Why I Am Not Accepting Any More Free Meals

I’ve pissed a few people off of late. I say few, really I mean fucking loads. Bloggers, blaggers, washed-up has-been journalists, more bloggers, PR people, social influencers (whoever the fuck they are), more bloggers, an award ambassador (whatever the fuck that is), and bloggers. Some have been vocal about it, others chosen to shun me. One even went to the trouble of setting up a fake twitter profile – @farlow_clayton – to attack me publicly. And all because I said that I was no longer going to accept free meals for my restaurant blog.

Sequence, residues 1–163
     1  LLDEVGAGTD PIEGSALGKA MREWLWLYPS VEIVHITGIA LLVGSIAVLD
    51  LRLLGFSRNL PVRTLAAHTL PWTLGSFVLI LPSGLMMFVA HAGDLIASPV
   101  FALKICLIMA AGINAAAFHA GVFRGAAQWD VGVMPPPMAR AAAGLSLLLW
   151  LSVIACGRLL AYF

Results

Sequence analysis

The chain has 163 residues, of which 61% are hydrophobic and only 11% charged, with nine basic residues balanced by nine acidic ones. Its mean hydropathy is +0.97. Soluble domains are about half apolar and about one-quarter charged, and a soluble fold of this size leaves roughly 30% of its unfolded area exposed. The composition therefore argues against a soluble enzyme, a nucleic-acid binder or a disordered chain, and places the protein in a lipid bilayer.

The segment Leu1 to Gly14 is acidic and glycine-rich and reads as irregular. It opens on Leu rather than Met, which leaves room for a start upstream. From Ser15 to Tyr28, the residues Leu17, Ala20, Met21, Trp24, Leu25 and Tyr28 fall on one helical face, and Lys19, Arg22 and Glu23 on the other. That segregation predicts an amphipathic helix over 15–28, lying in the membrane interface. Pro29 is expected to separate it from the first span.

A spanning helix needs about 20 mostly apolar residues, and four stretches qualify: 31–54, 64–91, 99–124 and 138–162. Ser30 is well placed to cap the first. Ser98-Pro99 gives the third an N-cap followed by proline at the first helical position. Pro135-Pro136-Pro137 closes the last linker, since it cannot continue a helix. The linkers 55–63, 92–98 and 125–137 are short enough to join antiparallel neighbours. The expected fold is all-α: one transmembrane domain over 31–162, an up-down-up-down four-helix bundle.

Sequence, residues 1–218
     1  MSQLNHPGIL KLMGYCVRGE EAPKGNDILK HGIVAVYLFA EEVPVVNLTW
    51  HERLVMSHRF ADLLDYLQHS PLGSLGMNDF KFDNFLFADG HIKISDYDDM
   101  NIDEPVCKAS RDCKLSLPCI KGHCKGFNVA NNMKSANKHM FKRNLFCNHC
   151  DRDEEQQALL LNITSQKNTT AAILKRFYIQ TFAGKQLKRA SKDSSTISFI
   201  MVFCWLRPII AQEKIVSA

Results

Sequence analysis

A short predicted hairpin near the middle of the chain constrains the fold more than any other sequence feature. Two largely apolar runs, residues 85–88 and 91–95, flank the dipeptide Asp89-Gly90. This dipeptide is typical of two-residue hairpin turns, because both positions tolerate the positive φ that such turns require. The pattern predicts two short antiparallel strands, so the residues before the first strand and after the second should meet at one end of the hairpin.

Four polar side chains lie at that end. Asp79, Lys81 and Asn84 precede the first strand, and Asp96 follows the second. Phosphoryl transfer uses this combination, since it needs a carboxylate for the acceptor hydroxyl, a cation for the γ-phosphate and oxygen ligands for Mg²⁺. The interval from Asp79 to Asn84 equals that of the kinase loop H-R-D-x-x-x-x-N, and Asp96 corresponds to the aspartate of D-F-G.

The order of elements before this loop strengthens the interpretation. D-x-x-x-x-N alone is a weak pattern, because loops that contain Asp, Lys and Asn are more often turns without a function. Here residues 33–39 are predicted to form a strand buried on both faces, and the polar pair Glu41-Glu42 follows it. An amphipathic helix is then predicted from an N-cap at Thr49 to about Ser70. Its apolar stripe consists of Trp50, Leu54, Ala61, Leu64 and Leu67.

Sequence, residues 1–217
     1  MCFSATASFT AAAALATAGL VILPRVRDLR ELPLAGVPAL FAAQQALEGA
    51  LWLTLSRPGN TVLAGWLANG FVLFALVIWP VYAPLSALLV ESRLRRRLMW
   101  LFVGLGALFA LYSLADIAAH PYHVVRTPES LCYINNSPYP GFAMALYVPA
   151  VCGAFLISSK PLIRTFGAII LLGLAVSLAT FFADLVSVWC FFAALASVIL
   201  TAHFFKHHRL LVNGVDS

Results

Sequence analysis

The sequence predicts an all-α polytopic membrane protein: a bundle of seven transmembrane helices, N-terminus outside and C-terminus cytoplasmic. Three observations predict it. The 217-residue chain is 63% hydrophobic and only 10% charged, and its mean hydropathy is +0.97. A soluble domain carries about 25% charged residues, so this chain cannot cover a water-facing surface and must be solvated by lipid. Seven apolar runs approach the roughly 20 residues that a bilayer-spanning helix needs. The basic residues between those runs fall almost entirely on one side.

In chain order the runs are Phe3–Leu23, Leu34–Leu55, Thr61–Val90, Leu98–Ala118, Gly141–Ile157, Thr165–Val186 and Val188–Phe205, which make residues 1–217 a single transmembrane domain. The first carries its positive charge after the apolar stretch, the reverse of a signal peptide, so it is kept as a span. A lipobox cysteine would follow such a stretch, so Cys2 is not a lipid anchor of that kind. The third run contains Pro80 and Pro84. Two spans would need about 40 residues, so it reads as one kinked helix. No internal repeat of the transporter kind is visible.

The blog is four years old now. I started it purely out of love for food, genuinely expecting no one to read it. I remember the first time I got a hundred views in a day; I was elated. Now the same amount of hits is a bad number to wake up to. I don’t tend to make a big thing out of it, but I have won awards for it. It has grown beyond belief. But the morality of it has also changed; it took me eleven months to accept my first freebie. The preceding time afterwards has seen me take a lot. Too many, if I am honest. I started with the best intentions and learnt very quickly how to play the game – do it right and PR relationships can be very fruitful. I’ve had complimentary hotel stays and special tasting menus made especially for my visit. I have been showered in champagne and sent home with wine purchased specifically for me after the owner had read I drank it in a previous post. As a result many of the reviews I have posted have probably not been a true reflection of the restaurant. Looking back I can clearly see on a few occasions that I have been too generous with my opinion. Occasionally I have chosen to miss off dishes that may not have been very good; embellish others that were average. I tell you this because I want to tell you the truth. And I am not alone in this; it happens with just about every blogger I have ever met. More recently the traffic I have has allowed me to be more picky, yet I still feel obliged to attend certain restaurants for certain PR companies. I will go because if I don’t, others will and I want to stay top of the pile. I go because the PR company has an active role in an awards I want to win at. I go because the line has been crossed between work and friendship with some people.